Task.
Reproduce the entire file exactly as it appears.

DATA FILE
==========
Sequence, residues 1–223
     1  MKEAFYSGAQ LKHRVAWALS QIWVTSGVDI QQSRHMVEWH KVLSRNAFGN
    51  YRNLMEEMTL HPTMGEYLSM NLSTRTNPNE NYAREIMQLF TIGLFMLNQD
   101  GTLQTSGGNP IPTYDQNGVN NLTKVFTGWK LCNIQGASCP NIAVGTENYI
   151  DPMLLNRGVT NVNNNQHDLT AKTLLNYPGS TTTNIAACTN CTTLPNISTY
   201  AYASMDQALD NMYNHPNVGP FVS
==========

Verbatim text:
Sequence, residues 1–223
     1  MKEAFYSGAQ LKHRVAWALS QIWVTSGVDI QQSRHMVEWH KVLSRNAFGN
    51  YRNLMEEMTL HPTMGEYLSM NLSTRTNPNE NYAREIMQLF TIGLFMLNQD
   101  GTLQTSGGNP IPTYDQNGVN NLTKVFTGWK LCNIQGASCP NIAVGTENYI
   151  DPMLLNRGVT NVNNNQHDLT AKTLLNYPGS TTTNIAACTN CTTLPNISTY
   201  AYASMDQALD NMYNHPNVGP FVS